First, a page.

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REQUIREMENTS FOR DESIGNATION OF RESERVE CITIES April 3, 1915, the Federal Reserve Board adopted the following requirements as necessary before consideration will hereafter be given to the designation of any city as a reserve city

A population of at least 50,000; combined capital and surplus of National banks in the applying city of not less than $3,000,000, with deposits of not less than $10,000,000; endorsement of the application by at least fifty (50) National banks located outside of the applying city who will state that they are carrying or intend to carry upon such designation, accounts with a National bank in the applying city. Applications will be referred for report and recommendation to the federal reserve bank of the district in which the applying city is located, whose chairman shall certify the names of the National banks endorsing the application.


April 5, 1915, the Federal Reserve Board issued its regulations as to bankers' acceptances in accordance with the statute enacted by Congress, March 3, 1915, amending the Federal Reserve Act. It provided for removing the limitations originally imposed on the amount of acceptances which might be discounted by a federal reserve bank for member banks, or accepted by member banks. The law originally limited the amount of acceptances which might be discounted for a bank to half of the bank's unimpaired capital stock and surplus. The amendment increases the limit to the full amount of any capital and surplus.

The board rules that "any federal reserve bank shall be permitted to discount for any member bank 'bankers' acceptances', as defined up to an amount not to exceed the capital stock and surplus of the bank for which the rediscounts are made." The following definition is made: "A bankers' acceptance must be drawn by a commercial or industrial concern, that is, some person, firm, company or corporation directly connected with the importation or exporta

tion of the goods involved in the transaction in which the acceptance originated, or by a banker. In the latter case, the goods, the importation or exportation of which is to be financed by the acceptance, must be clearly specified in the agreement with or the letter of advice to the acceptor. The bill must not be drawn or renewed to the purchaser or consignee."

The new regulation provides that "any member bank may accept drafts or bills of exchange drawn upon it, having not more than six months' sight to run and growing out of transactions involving the importation or exportation of goods up to amount not exceeding the capital and surplus of such bank, provided that

"1. Every such bank shall possess an unimpaired surplus of not less than twenty per cent. of its paid-in capital.

"2. Every such bank shall file formal application with the federal reserve bank of its district, which shall report to the Federal Reserve Board upon the standing of such applicant, stating also whether the business and banking conditions prevailing in the district warrant the granting of such application in said district.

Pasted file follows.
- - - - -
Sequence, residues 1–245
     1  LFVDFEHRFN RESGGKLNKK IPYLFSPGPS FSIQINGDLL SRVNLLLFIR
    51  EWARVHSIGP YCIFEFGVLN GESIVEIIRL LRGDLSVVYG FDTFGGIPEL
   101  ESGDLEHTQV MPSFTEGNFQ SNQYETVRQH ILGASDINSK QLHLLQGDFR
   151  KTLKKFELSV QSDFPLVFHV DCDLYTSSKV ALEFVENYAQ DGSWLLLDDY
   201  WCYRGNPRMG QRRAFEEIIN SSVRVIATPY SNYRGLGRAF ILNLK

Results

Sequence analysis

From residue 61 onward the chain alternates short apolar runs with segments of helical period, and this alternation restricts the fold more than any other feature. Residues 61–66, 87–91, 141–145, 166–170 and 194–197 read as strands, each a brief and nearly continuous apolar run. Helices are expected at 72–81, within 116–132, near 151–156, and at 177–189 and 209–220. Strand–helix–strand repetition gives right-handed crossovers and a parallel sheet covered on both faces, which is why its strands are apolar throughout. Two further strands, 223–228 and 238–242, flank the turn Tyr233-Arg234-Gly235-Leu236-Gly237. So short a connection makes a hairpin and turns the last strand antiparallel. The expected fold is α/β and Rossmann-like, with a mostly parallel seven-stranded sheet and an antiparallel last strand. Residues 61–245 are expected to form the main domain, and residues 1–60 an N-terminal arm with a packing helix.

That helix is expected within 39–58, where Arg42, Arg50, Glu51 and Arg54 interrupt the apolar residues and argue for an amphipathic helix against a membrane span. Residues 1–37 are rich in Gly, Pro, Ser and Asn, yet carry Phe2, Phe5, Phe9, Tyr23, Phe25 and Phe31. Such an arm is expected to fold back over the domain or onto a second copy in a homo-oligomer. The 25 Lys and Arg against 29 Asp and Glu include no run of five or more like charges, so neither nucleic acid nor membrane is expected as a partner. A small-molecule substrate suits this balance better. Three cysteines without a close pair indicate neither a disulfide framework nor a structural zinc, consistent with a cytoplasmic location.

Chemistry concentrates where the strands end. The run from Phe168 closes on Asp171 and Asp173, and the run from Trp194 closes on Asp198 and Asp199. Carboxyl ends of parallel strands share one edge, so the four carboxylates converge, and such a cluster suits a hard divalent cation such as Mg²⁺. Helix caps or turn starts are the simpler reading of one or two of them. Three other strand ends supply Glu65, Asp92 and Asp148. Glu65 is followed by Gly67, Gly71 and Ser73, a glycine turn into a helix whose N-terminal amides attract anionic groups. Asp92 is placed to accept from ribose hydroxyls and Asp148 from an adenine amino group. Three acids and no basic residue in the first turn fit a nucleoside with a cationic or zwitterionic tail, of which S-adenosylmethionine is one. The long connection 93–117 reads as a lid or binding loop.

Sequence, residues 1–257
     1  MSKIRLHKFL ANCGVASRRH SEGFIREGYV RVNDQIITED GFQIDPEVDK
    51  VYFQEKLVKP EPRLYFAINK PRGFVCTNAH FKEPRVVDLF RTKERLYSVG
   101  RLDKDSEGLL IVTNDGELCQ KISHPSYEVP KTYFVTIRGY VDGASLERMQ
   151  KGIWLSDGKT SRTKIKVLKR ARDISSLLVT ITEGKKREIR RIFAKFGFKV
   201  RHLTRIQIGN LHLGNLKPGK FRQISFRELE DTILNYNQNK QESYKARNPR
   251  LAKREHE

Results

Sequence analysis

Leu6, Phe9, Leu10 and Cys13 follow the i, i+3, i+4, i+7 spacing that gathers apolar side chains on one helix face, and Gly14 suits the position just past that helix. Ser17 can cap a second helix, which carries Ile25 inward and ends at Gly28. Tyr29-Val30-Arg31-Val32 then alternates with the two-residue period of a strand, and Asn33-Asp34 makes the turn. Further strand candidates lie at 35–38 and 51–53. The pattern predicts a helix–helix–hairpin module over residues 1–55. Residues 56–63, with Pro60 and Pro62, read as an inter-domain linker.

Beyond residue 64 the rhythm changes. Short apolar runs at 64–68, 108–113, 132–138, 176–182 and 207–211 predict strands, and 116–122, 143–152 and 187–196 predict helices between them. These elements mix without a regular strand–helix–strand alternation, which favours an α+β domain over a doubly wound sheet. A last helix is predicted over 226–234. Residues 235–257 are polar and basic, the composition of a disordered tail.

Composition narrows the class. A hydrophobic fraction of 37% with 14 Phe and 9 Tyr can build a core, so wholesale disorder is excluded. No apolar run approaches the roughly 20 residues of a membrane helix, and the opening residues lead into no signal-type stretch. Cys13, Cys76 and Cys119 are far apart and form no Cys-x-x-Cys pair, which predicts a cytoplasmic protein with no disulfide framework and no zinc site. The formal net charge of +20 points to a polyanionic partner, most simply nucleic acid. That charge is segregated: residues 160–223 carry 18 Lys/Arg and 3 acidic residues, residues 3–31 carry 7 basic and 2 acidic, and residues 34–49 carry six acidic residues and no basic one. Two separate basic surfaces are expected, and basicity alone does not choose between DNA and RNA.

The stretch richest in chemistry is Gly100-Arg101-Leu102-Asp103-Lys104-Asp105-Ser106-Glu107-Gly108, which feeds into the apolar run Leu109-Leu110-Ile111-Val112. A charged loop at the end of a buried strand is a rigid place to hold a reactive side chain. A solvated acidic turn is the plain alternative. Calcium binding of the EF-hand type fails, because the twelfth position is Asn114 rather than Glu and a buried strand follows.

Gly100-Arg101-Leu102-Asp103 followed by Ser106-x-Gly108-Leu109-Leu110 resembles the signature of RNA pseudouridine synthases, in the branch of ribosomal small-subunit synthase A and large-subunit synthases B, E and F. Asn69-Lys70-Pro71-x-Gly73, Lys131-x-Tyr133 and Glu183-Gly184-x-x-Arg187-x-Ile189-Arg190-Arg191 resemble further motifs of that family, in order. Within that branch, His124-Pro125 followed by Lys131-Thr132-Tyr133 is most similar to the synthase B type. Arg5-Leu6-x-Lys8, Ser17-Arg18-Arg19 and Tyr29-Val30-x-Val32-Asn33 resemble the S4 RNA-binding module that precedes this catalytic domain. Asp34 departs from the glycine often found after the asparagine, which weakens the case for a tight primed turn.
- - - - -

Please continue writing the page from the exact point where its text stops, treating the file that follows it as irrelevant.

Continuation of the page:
"3. Every such application shall first have to be approved by the Federal Reserve Board."

Approval of such application may be rescinded and modifications of this regulation may be made by the Federal Reserve Board upon notice of ninety days to the bank or banks thereby affected.



April 2, 1915, the Attorney-General gave an opinion to the Treasury Department, maintaining the right of National banks to have their deposits guaranteed by surety companies. The question had been referred to the Depart

1 Introduction, Paine's National Banking Laws (7th Ed.), p. 14.

2Ibid, p. 15.

"Paine's New York Banking Laws (7th Ed.), pp. 164. 179, 245, 254.

ment of Justice as a result of questions which had arisen as to the interpretation of opinions given on this subject by the Attorney-General in 1908 and 1909. Following is an excerpt from the opinion:

"The means by which depositors are to be protected and secured are not expressly limited or restricted by statute. A large discretion is left to the banks' officers and directors. They may use such means for the purpose as are not prohibited by or inconsistent with the provisions of the law, and as they may reasonably find to be suitable and proper and not inconsistent with the prudent conduct of the affairs of the bank within the scope of its charter. 'Whatever protects the depositors,' it has been said, 'protects the bank because it assures confidence in the bank.'

"A contract of insurance or guaranty such as described in the question submitted may afford protection to depositors by securing the performance of an obligation on the part of the bank which otherwise might not be performed. And it is not unreasonable to believe that such a contract at the same time may prove valuable to the bank because of the confidence it may assure.

"No reason is perceived for prohibiting a National bank in the discretion of its directors from so securing its depositors or for denying to the bank such benefits as they believe may accrue in the form of increased confidence resulting from such a contract."


April 5, 1915, the following letter was issued by the Federal Reserve Board to its reserve agents:

In order that the powers of National and State banks and trust companies as members of the federal reserve system may be equalized as far as possible, the board desires to grant to National banks applying therefor, when not in contravention of State or local laws, permission to act as trustee, executor, administrator and registrar of stocks